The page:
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      Human UDP-glucuronosyltransferases: metabolism, expression, and disease.

      1 ,
      Annual review of pharmacology and toxicology
      Annual Reviews

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          Abstract

          In vertebrates, the glucuronidation of small lipophilic agents is catalyzed by the endoplasmic reticulum UDP-glucuronosyltransferases (UGTs). This metabolic pathway leads to the formation of water-soluble metabolites originating from normal dietary processes, cellular catabolism, or exposure to drugs and xenobiotics. This classic detoxification process, which led to the discovery nearly 50 years ago of the cosubstrate UDP-glucuronic acid (19), is now known to be carried out by 15 human UGTs. Characterization of the individual gene products using cDNA expression experiments has led to the identification of over 350 individual compounds that serve as substrates for this superfamily of proteins. This data, coupled with the introduction of sophisticated RNA detection techniques designed to elucidate patterns of gene expression of the UGT superfamily in human liver and extrahepatic tissues of the gastrointestinal tract, has aided in understanding the contribution of glucuronidation toward epithelial first-pass metabolism. In addition, characterization of the UGT1A locus and genetic studies directed at understanding the role of bilirubin glucuronidation and the biochemical basis of the clinical symptoms found in unconjugated hyperbilirubinemia have uncovered the structural gene polymorphisms associated with Crigler-Najjar's and Gilbert's syndrome. The role of the UGTs in metabolism and different disease states in humans is the topic of this review.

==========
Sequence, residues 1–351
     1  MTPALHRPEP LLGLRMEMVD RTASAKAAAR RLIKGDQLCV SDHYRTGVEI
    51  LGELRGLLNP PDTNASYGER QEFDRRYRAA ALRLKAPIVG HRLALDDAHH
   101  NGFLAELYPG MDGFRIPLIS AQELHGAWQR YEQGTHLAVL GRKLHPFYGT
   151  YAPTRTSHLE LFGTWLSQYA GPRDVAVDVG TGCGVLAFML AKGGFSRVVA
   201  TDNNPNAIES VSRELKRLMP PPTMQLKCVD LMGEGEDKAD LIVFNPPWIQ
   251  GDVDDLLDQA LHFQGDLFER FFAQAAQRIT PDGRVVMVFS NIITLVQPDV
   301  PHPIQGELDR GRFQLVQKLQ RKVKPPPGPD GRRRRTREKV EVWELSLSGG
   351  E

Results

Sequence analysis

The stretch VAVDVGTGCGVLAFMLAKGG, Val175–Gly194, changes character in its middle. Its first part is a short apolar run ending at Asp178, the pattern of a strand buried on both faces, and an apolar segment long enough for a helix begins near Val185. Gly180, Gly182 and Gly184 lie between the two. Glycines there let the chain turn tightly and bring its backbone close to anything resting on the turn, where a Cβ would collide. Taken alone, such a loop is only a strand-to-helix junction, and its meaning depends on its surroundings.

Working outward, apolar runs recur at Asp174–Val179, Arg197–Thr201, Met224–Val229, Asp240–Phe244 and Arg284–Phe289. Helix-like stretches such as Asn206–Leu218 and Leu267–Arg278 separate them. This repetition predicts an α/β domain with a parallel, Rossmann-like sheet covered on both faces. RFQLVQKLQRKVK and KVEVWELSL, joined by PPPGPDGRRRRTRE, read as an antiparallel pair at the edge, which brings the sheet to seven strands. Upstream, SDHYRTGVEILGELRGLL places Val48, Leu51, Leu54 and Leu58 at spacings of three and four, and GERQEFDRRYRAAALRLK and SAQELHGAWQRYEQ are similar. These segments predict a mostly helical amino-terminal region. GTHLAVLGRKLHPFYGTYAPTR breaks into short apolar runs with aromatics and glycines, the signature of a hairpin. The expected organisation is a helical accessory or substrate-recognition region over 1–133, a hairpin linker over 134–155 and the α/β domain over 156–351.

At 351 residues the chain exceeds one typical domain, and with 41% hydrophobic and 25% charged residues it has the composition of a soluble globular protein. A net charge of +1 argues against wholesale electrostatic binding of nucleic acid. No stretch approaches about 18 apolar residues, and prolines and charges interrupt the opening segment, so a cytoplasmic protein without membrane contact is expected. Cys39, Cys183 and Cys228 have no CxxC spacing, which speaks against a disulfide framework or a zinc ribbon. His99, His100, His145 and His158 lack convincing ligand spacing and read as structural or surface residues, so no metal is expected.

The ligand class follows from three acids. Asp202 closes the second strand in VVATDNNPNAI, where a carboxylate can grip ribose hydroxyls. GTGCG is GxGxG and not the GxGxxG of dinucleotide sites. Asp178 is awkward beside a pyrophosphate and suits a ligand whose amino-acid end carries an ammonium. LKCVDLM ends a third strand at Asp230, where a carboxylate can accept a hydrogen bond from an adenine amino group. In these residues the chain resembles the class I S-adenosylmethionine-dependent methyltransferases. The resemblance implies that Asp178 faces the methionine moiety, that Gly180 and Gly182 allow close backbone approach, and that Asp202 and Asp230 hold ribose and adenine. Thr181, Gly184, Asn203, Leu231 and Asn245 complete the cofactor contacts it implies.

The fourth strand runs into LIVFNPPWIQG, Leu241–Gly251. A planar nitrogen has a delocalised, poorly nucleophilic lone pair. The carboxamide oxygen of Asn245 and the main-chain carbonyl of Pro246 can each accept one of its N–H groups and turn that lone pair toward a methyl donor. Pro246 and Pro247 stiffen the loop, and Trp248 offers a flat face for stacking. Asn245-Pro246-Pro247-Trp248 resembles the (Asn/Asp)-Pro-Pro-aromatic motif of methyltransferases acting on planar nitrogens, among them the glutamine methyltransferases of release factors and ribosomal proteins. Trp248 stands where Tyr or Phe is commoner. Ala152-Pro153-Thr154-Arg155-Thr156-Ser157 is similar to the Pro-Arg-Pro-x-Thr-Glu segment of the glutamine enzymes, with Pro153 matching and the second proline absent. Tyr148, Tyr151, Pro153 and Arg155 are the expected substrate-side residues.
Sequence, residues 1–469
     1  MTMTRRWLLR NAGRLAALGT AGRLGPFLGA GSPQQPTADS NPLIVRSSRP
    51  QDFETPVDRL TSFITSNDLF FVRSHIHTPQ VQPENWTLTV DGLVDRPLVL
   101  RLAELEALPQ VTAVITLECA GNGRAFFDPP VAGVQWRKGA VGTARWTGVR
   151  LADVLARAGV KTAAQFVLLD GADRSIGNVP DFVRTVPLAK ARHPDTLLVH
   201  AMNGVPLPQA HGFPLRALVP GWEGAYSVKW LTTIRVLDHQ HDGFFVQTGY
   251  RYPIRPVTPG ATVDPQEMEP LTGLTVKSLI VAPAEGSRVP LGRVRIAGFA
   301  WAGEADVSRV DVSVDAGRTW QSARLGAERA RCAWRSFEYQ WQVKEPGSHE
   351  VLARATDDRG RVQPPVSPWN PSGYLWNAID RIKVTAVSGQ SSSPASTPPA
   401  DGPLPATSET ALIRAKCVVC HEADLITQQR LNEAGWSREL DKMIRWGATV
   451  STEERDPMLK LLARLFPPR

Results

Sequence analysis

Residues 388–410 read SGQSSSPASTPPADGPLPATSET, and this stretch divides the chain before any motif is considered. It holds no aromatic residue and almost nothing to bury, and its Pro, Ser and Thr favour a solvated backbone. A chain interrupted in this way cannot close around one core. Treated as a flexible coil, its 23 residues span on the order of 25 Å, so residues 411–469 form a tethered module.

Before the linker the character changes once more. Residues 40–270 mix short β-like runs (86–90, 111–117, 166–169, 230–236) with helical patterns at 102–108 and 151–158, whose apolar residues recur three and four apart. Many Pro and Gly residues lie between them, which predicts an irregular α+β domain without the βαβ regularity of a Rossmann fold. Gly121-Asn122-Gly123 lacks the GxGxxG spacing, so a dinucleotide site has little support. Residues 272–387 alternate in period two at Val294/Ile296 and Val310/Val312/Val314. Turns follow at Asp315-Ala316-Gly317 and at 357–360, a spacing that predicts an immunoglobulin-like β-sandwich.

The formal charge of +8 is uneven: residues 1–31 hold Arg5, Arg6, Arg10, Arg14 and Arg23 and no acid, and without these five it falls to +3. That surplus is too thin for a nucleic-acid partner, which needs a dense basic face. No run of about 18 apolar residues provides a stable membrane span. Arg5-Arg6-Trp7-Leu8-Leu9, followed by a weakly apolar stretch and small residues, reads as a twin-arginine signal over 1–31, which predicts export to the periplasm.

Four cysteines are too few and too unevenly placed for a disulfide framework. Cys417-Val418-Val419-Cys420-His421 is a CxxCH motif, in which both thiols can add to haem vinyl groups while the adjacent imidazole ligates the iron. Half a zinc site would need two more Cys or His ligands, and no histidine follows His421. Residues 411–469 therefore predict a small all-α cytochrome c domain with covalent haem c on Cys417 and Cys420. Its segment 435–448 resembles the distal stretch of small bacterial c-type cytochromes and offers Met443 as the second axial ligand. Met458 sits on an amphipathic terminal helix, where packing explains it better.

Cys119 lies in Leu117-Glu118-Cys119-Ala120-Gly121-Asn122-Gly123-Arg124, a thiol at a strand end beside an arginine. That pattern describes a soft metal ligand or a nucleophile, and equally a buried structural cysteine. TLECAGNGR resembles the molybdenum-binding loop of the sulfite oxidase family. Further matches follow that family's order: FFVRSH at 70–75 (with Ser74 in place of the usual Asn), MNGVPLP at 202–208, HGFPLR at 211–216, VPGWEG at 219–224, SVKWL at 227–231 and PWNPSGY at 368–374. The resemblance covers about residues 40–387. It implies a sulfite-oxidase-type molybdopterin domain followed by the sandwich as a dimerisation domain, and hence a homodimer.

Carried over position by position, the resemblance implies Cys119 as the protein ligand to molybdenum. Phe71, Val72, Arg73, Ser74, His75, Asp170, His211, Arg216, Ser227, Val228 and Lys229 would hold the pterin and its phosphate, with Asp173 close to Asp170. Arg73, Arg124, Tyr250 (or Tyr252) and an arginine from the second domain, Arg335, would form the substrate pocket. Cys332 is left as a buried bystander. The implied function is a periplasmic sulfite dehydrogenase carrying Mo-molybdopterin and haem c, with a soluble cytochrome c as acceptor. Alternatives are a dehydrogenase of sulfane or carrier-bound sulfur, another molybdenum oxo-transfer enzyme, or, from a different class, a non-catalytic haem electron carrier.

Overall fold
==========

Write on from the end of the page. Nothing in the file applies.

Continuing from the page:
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          Author and article information

          Journal
          Annu Rev Pharmacol Toxicol
          Annual review of pharmacology and toxicology
          Annual Reviews
          0362-1642
          0362-1642
          2000
          : 40
          Affiliations
          [1 ] Department of Chemistry & Biochemistry, Cancer Center, University of California, San Diego, La Jolla 92093, USA. rtukey@ucsd.edu
          Article
          10.1146/annurev.pharmtox.40.1.581
          10836148
          7da800ed-eca6-4fc9-ae22-0b33dafb17c0
          History

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